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Wall Street Journal

Differing Visions For Armory

Residents and elected officials in the Kingsbridge section of the Bronx have spent nearly two decades trying to redevelop the neighborhood's imposing armory on West 195th Street, but various plans for reusing the long-vacant structure have failed to come to fruition.

The landmark armory, which was built in the 1910s and occupies nearly a full city block at the southern tip of the neighborhood, is seen as having the potential to provide a significant economic boost to the area. But the most recent plan for its redevelopment—a shopping mall backed by Mayor Michael Bloomberg—was voted down by the City Council in 2010.

The city's Economic Development Corp. now is weighing new proposals. A spokesman for the corporation said it hopes to pick a winning plan by the end of the year.

The two most prominent plans have sparked differences between local politicians and an influential community group, setting the stage for another battle over the property after a proposal is chosen.

One proposal for the armory calls for creating the Kingsbridge National Ice Center, billed as the biggest facility for ice sports in the world. It has received endorsements from local politicians that include Bronx Borough President Ruben Diaz Jr.

But one influential community group says the developers behind a competing plan called Mercado Mirabo, a multiuse facility in the vein of Chelsea Market, have been more receptive to neighborhood concerns.

"Neither project is perfect, but KNIC's is less flexible because it revolves around ice," Alice McIntosh, a leader for the Kingsbridge Armory Redevelopment Alliance, a grass-roots campaign that had joined with Mr. Diaz in opposing the mall plan in 2010. "What if we don't want to skate?"

John DeSio, the director of communications for Mr. Diaz, said that "both proposals are good, but we think the ice center is better."

KNIC's proposal would transform the armory into a giant sports facility solely devoted to ice hockey and other ice sports. The largest of its nine rinks would seat up to 5,000 spectators. There also would be recreational skating and lessons; special events such as tournaments; and a free after-school program for youth involving both academic help and skating lessons.

The president of KNIC Partners, Jonathan Richter, a New York real-estate developer who has played amateur hockey for more than 35 years, said that his group has worked to make its plans transparent to the neighborhood. He said in a statement that KNIC has met frequently with community boards and neighborhood organizations and "will continue this dialogue as long as we are part of the redevelopment process."

The Mercado Mirabo concept being pitched by New York-based developer YoungWoo & Associates would put the armory to a wide variety of uses at the same time.

It calls for a holiday and weekend marketplace with hundreds of small vendors selling merchandise and food in rows of stalls as well as two larger anchor retail tenants. It would also have space for concerts and conferences, a first-run movie theater, a hip-hop museum, a Crunch fitness gym, a youth basketball program and a rock-climbing wall described as the world's tallest.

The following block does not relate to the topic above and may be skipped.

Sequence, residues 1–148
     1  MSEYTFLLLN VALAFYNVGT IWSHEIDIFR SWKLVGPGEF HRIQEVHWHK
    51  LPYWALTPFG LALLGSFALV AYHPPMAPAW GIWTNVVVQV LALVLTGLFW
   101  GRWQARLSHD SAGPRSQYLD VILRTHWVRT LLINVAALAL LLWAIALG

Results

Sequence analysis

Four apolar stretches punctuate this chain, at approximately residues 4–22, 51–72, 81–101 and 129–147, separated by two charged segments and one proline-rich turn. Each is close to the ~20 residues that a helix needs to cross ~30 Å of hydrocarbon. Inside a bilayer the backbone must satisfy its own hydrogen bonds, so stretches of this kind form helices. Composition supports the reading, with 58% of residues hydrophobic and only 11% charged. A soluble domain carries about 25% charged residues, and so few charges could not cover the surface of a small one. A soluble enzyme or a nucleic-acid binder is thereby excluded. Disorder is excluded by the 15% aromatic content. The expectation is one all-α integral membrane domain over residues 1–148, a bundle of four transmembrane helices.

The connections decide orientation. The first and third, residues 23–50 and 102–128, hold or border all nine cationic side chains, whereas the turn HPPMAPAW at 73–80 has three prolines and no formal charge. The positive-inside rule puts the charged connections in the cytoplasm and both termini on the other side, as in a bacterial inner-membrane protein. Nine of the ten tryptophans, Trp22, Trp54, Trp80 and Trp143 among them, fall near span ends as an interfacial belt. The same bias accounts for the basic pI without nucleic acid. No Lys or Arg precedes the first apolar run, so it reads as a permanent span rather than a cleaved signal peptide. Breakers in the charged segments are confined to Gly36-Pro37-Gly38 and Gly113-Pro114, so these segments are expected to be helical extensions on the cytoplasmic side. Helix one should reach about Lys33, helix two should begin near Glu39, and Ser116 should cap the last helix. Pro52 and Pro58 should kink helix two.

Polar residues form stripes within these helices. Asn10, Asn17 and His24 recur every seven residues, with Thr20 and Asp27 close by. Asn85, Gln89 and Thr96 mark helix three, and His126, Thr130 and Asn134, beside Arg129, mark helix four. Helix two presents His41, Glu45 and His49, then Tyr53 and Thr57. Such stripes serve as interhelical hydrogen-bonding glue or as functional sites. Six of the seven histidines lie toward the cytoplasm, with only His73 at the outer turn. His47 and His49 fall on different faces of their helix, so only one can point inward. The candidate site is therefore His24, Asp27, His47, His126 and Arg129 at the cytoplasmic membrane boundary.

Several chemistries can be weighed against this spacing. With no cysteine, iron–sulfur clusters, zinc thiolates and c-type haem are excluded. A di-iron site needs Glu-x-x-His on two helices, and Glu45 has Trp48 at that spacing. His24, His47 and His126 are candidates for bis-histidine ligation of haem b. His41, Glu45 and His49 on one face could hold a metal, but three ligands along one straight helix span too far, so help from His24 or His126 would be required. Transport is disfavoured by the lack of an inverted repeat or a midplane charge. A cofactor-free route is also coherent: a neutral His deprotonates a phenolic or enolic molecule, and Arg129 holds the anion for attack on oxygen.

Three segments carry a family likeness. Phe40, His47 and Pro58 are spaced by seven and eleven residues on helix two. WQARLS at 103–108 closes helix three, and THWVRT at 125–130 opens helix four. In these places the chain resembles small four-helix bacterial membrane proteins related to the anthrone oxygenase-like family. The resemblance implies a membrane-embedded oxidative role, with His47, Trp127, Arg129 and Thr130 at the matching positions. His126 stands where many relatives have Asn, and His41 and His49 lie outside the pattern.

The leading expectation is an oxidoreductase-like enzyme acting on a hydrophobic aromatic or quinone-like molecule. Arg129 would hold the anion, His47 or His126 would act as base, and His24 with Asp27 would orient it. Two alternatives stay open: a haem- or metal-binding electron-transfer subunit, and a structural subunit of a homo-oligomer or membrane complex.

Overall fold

"We give the example of Chelsea Market as a comparison for what we want to do," said Adam Zucker, director of business development for YoungWoo. "Fifteen years ago, people thought it was crazy to develop it and that West Chelsea was a no man's land, but now it's seen as the godfather of what Chelsea has become."

Both development teams commissioned economic studies, with the ice center projecting two million visitors a year and $1.3 billion in benefits over 30 years, while Mercado Mirabo is expecting 1.13 million visitors a year and $180 million in benefits annually.

Mr. Diaz is backing the ice-center plan because the developers are promising to pay above minimum wages to all workers at the ice center and to provide community space.

Mercado Mirabo's developers said they can't do the same because they can't control the wages that operators at the market would pay. They said they are willing to sign a community benefits agreement.

Retail spaces near the armory now include a mixture of small businesses and chains such as McDonald's, Dunkin' Donuts and Duane Reade. In the area immediately surrounding the armory, 34% of families had an income below the poverty level, according to the Census's 2006-10 American Community Survey.

"Something, anything, would be good," said Salvatore Bruno, the owner of a photocopying business, Copy Shop, near the armory since 1984. "I don't really care what goes in, but I think a skating rink might be too glitzy for the area. It's more like something you see in Scarsdale."

State Sen. Gustavo Rivera, who lives a block away from the armory, supports the ice-center proposal because it would be "iconic and something that's never been in the Bronx before." Nevertheless, he said: "I would hope that whatever ultimately happens, it's something we could get together on."

On the Market in the Neighborhood:

2685 Creston Ave.,
No. 4J
This is a two-bedroom, two-bath co-op.
Property Plus: One block to multiple subway lines
Property Minus: No pets
Listing Agent: Shebrelle Hunter-Green of Halstead, 917-312-9097

Thursday, November 29, 2012